On Saturday, the group ‘solidarity with Sudan Galway’ organized a protest in Eyre Square to highlight the recent atrocities committed against the people of Sudan.
The protest revolved around the recent attacks by the RSF (Rapid Support Forces/Janjaweed) on the people of Sudan on the eve of Eid.
Eid is a religious holiday celebrated by Muslims all over the world to mark the end of Ramadan, the Islamic holy month of fasting.
The Rapid Support Forces are a paramilitary organisation operated by the Sudanese Government, mainly comprised of the Janjaweed Militia who have been accused of genocide in the past.
The Janjaweed Militia are estimated to have killed 200,000 – 400,000 civilians in Darfur between 2004 and 2007.
Over the last few months there has been a violent military crackdown on civilian protesters in Sudan with reports that the RSF/Janjaweed have been responsible for killing up to 500 people and injuring 723.
To add to this, the RSF/Janjaweed has been accused of being responsible for over 1000 missing people, arresting 650 people and raping 54 people.
If these horrifying figures weren’t enough it is alleged that 118 bodies have been dumped into the River Nile.
The recipients of this gruesome military aggression mostly tend to be unarmed civilian protesters.
The group ‘Solidarity with Sudan Galway’ staged a protest to raise awareness about the ongoing fight for democracy in the Sudan and to draw attention to the appalling actions of the military.
They claim it is crucial they provide a voice for the Sudanese people since the government has shut down internet services.
Speaking to Galway Daily, event organiser Rema Hamid outlined her determination to stand in solidarity with the people of Sudan.
She described the Sudanese people as having faced “violence and tyranny that knows no mercy”.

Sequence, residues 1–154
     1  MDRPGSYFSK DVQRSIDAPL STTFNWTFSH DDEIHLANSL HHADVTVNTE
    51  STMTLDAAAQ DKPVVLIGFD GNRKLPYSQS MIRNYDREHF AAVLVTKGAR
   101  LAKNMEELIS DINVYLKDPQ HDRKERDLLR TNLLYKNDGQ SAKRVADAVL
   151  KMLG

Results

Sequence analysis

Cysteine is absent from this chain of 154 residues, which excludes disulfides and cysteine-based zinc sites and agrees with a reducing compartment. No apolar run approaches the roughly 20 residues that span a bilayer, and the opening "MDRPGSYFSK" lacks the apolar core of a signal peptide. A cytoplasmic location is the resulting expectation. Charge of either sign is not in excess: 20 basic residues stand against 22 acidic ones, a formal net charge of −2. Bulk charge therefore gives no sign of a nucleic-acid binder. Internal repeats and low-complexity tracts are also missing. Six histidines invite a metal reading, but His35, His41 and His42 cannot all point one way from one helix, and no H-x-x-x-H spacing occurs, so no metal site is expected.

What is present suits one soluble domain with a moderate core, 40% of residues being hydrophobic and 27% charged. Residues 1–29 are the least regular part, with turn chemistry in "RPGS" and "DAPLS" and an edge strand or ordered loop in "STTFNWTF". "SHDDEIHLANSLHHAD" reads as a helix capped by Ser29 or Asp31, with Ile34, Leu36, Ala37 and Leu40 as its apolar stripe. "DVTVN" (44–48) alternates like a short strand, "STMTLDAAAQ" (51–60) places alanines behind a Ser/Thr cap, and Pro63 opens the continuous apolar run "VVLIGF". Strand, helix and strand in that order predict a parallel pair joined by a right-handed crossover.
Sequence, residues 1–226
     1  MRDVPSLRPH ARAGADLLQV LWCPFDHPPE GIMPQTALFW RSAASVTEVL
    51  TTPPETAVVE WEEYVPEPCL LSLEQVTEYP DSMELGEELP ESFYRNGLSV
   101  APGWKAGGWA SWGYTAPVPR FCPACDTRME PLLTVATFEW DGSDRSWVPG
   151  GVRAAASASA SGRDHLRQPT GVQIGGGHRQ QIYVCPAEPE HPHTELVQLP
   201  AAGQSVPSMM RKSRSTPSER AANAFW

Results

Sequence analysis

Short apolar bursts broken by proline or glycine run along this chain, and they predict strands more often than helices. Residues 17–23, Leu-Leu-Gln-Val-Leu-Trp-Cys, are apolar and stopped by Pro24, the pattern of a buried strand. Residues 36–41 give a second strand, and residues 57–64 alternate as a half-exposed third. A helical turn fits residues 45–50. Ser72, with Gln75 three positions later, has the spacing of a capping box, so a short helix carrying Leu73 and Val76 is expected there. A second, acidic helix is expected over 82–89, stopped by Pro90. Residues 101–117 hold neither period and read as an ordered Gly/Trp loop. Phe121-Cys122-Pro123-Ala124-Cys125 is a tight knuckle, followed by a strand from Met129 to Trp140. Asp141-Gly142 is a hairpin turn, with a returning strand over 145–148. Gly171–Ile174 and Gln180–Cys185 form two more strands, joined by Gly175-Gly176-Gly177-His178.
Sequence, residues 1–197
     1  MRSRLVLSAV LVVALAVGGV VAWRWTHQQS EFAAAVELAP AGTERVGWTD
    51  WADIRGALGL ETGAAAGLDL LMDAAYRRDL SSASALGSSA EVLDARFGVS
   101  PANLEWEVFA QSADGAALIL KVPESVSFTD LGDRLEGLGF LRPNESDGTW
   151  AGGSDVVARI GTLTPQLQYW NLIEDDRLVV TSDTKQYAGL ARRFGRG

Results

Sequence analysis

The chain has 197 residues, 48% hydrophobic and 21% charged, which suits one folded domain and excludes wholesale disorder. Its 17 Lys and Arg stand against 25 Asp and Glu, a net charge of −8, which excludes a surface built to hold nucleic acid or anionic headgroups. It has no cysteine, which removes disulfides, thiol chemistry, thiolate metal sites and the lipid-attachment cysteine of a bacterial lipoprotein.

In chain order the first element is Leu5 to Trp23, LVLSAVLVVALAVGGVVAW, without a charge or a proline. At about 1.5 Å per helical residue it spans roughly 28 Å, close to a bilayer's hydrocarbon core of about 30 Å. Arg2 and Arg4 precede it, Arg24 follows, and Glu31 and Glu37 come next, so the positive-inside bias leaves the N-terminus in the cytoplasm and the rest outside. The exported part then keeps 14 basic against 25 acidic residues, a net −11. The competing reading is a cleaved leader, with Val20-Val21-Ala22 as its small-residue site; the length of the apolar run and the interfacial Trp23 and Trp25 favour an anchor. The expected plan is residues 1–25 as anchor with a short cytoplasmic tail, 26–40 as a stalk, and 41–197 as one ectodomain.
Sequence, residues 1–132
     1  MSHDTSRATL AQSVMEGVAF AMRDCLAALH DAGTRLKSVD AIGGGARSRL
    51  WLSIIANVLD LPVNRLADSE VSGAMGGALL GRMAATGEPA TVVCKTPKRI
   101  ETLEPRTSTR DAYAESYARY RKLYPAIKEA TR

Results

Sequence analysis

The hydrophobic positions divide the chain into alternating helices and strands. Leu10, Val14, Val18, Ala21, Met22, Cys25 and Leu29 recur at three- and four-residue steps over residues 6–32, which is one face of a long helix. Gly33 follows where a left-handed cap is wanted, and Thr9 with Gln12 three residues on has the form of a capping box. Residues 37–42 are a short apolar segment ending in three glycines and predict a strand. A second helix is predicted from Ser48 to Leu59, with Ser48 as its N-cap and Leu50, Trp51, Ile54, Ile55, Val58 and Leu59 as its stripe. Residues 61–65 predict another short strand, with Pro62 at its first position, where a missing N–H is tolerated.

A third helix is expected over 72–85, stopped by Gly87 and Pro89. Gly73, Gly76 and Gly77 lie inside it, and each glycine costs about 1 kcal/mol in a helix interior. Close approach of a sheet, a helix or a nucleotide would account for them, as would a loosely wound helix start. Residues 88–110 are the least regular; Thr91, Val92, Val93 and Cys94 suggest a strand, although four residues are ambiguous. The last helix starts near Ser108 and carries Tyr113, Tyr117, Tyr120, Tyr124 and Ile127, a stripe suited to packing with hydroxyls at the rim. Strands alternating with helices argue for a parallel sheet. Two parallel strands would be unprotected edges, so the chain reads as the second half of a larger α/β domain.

“In the face of all these horrors the least the people of Galway could do is stand in solidarity with the people of Sudan”.
Over the last few months the civilian demonstrators have come into direct conflict with Sudan’s Traditional Military Council (TMC) over the transition to civilian rule.
This transition to civilian rule comes as a result of President Omar al Bashir being overthrown in April after a brutal 30 year long reign over the Country.
The TMC has promised to hold democratic elections in 9 months time but the demonstrators fear this isn’t enough time to secure a fair election and to dismantle Bashir’s political network within the government.
The civilian protesters ultimately want to see the TMC remove themselves in favor of a civilian led transitional government where free and fair elections can be held.
Social Democrats Councillor Owen Hanley made his presence felt at the solidarity protest in Eyre Square.
The city cllr declared that the people of Sudan “need to see political pressure until their civic and human rights are vindicated”.
Expressing his support for the Sudanese people, Councillor Hanley affirmed that “Galway stands as it always does in full solidarity with the victims of oppression”.
Former Sinn Féin cllr and trade union representative Mark Lohan emphasised the importance that “Galway stands with those being persecuted in the Sudan”.
He added that “our solidarity protest today calls for an end to the massacres and intervention by democracies to challenge the military regime in Sudan”.